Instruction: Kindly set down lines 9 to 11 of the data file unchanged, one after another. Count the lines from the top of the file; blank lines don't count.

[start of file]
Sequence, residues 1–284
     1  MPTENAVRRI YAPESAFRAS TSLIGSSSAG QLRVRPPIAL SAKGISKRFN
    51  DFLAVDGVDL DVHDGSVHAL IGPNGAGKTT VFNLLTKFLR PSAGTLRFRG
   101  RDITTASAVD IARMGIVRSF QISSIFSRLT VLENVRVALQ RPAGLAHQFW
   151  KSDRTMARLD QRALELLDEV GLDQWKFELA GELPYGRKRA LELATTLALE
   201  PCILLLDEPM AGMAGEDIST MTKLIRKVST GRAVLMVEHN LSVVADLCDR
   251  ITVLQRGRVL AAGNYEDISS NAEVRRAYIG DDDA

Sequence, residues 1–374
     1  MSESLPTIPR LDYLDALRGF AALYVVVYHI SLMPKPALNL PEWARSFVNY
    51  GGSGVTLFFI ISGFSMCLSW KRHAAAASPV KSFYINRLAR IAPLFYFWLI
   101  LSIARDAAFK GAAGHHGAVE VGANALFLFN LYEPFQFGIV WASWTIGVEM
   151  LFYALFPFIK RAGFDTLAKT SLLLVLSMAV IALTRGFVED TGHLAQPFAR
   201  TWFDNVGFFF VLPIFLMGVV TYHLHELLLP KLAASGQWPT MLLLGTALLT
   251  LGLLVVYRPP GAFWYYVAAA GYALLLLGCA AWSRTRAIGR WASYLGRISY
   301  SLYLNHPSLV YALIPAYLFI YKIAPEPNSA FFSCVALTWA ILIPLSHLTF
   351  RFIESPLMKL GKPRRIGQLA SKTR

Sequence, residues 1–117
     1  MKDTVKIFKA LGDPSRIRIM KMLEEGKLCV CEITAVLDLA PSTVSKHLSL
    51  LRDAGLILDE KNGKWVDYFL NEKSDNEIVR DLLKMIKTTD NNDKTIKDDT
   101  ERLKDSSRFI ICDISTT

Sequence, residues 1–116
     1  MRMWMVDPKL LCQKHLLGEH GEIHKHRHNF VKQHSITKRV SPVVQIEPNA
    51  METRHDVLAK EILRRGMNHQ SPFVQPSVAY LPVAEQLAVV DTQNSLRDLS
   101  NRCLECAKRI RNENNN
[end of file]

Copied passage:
     1  MSESLPTIPR LDYLDALRGF AALYVVVYHI SLMPKPALNL PEWARSFVNY
    51  GGSGVTLFFI ISGFSMCLSW KRHAAAASPV KSFYINRLAR IAPLFYFWLI
   101  LSIARDAAFK GAAGHHGAVE VGANALFLFN LYEPFQFGIV WASWTIGVEM